As if I hadn’t been seeing enough red beforehand, they’ve just announced that they would rather outright destroy the problematic books rather than put them back on shelves, or hold them in a non-lending shelf, or provide them upon request only, or even engaging in further dialogue as to the fate of these books.
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What the hell kind of a library does this? They’d rather destroy books than exhibit them? The library is supposed to be a place that not only displays and lends books but curates them. That grows knowledge! If pruning has to be done, surely it should have been done by a patient hand, with a heavy heart. Not by a bunch of unimaginative hacks whose idea of rectifying a mistake is to burn the evidence! This, this, is what prompted this post. I could have been sanguine (no, really, I would have at least tried) if this affair looked like it was going to go into arbitration, but this announcement obliterates any kind of optimism that anyone could have in the NLB.

Most problematic of all, most objectionable and loathsome of all, is the knowledge that this farce isn’t an isolated incident. It can’t be. I refuse to believe in some kind of infernal confluence of stupidity and intolerance that led to the one idiot writing in, and his message being received by just the cretin with the influence to enact the removal of the books from circulation, being supervised by some other monumental fucktard who has the authority to decide that the evidence needs to be destroyed rather than debated. I even more strongly refuse to believe that there was some kind of weirdly unlikely daisy-chaining of empowered goons that signed off on this, a maggot boring through what is rotten while leaving untouched an otherwise healthy and sane bureaucracy.

What all of this suggests is that the NLB’s processes, its organisational structure, and its executive staff, is incredibly vulnerable. I will err on the side of optimism and avoid calling them weak, incompetent, or corrupt; it is bad enough that they are vulnerable. Suggestible. That a drop of poison in the right ear can lead to something rotten in the state. Who signs off on all this? How can a branch of government, an organisation that acquires public assets using public funds presumably through some form of audited process, then decide on the say-so of a few detractors to immolate a portion of that public trust that they hold? Are any of our other systems like this? Can any public service be disrupted given the right tone of alarm and the usage of the right keywords? Can any right, privilege, freedom, or liberty be interrupted by paranoia invoked by imagined dangers to ‘values’ or ‘conservative culture’? Is nothing sacred?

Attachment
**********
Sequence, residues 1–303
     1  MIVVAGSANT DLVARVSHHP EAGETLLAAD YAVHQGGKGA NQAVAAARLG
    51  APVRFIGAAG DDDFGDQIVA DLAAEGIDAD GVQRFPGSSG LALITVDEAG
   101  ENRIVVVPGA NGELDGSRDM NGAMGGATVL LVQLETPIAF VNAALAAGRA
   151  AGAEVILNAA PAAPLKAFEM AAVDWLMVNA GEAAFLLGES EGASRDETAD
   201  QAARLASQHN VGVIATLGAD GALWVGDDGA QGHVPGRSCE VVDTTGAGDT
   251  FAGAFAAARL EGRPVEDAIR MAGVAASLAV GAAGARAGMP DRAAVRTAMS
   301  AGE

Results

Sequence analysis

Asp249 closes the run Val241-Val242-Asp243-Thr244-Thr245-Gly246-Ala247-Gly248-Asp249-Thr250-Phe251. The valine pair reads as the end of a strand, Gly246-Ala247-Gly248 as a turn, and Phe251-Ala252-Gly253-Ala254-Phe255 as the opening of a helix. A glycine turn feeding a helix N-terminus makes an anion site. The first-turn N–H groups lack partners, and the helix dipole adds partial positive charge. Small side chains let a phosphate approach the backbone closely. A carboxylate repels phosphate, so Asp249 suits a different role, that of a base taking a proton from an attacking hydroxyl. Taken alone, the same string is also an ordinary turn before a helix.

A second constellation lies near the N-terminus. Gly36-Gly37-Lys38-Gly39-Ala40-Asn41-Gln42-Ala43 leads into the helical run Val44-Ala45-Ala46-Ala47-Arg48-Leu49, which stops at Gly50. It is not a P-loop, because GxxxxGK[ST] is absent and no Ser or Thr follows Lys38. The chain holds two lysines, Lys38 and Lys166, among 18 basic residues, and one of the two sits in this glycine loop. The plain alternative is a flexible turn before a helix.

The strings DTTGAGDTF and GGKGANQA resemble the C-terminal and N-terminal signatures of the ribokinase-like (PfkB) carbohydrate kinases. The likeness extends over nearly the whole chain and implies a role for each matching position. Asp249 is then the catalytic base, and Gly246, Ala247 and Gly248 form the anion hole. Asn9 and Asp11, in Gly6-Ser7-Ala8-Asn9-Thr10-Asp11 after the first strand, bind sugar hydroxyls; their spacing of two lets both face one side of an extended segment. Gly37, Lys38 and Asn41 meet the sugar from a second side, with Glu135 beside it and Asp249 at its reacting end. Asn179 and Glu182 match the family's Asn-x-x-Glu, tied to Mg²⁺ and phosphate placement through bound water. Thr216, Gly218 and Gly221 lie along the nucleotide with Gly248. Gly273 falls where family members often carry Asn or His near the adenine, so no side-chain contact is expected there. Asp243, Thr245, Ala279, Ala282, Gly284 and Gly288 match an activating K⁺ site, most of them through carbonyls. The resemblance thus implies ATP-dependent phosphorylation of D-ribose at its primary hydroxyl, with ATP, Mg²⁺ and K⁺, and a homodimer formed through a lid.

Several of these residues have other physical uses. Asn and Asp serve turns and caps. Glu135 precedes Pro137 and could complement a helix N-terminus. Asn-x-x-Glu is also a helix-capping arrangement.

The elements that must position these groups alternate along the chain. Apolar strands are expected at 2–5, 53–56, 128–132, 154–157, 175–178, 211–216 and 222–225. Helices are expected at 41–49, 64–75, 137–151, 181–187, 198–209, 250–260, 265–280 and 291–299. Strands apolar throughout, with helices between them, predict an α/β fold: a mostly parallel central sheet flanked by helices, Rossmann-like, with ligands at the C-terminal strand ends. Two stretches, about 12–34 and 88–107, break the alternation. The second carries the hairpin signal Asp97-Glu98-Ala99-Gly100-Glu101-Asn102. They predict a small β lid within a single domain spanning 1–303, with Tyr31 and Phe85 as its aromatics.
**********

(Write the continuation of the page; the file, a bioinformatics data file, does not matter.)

The Singapore government has branded itself deep into our cultural consciousness as being tough but fair, dispensing policies that are, if unpopular, then at least impartial. Its appeal and its mandate rests entirely on its time-proven ability to deliver exemplary service with minimal flourish and fuss. But for the last five years the fissures in the House have grown amidst the leaden clang of casket-lids and vault-doors, and soon we will be able to see the moon through the cracks. This might be just one of many symptoms, but that makes it no less dire.